Mashing the marvelous wrapper until it responds, part 1: prereq/setup

I haven’t used a dynamic language for coding nearly as much as strongly-typed, compiled languages so approaching Python was a little nervous-making for me.  It’s not every day you look into the abyss of your own technical inadequacies and find a way to keep going.

Here’s how embarrassing it got for me: I knew enough to clone the code to my computer and to copy the example code into a .py file, but beyond that it felt like I was doing the same thing I always do when learning a new language: trying to guess at the basics of using the language that everyone who’s writing about it already knows and has long since forgotten, they’re so obvious.  Obvious to everyone but the neophyte.

Second, is that I don’t respond well to the canonical means of learning a language (at least according to all the “Learn [language_x] from scratch” books I’ve picked up over the years), which is

  • Chapter 1: History, Philosophy and Holy Wars of the Language
  • Chapter 2: Installing The Author’s Favourite IDE
  • Chapter 3: Everything You Don’t Have a Use For in Data Types
  • Chapter 4: Advanced Usage of Variables, Consts and Polymorphism
  • Chapter 5: Hello World
  • Chapter 6: Why Hello World Is a Terrible Lesson
  • Chapter 7: Author’s Favourite Language Tricks

… etc.

I tend to learn best by attacking a specific, relevant problem hands-on – having a real problem I felt motivated to attack is how these projects came to be (EFSCertUpdater, CacheMyWork).  So for now, despite a near-complete lack of context or mentors, I decided to dive into the code and start monkeying with it.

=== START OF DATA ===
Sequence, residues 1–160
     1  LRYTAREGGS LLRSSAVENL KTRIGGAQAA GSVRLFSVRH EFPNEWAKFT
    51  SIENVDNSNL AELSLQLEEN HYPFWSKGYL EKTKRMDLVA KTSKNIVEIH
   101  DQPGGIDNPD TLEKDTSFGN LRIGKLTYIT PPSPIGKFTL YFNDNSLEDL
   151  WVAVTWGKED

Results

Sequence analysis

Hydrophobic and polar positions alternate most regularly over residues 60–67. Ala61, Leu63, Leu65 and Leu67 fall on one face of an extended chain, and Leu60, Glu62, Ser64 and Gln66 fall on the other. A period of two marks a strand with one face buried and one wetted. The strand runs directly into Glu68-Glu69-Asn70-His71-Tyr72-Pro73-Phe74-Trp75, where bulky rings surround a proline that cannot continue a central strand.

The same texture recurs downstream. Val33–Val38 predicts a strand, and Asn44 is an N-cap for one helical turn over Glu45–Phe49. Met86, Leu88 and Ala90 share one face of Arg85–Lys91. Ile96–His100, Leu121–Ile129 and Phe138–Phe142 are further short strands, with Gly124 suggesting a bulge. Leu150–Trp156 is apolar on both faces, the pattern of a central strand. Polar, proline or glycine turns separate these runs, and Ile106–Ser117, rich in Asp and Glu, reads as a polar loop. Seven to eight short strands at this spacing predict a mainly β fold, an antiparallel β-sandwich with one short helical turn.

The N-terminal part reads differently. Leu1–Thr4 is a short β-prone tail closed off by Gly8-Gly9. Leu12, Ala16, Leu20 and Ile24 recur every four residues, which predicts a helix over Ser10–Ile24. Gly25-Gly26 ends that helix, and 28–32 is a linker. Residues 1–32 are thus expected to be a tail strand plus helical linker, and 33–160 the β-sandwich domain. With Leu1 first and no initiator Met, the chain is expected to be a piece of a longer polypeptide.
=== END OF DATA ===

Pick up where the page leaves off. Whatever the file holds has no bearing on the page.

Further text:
Riches of Embarrassment

I quickly found a number of “learning opportunities” – I didn’t know how to:

  1. Run the example script (hint: install the python package for your OS, make sure the python binary is in your current shell’s path, and don’t use the Windows Git Bash shell as there’s some weird bug currently at work)
  2. Install the dependencies (hint: run “pip install xxxx”, where “xxxx” is whatever shows up at the end of an error message like this:
    Traceback (most recent call last):     
        File "", line 5, in <module>
            from config import public_key, private_key 
    ImportError: No module named config

    In this example, I ran “pip install config” to resolve this error.

  3. Set the public & private keys (hint: there was some mention of setting environment variables, but it turns out that for this example script I had to paste them into a file named “config” – no, for python the file needs to be named “ even though it’s text not a script you would run on its own – and make sure the file is stored in the same folder as the script you’re running.  Its contents should look similar to these (no, these aren’t really my keys):
        public_key = 81c4290c6c8bcf234abd85970837c97 
        private_key = c11d3f61b57a60997234abdbaf65598e5b96

    Nope, don’t forget – when you declare a variable in most languages, and the variable is not a numeric value, you have to wrap the variable’s value in some type of quotation marks.  [Y’see, this is one of the things that bugs me about languages that don’t enforce strong typing – without it, it’s easy for casual users to forget how strings have to be handled]: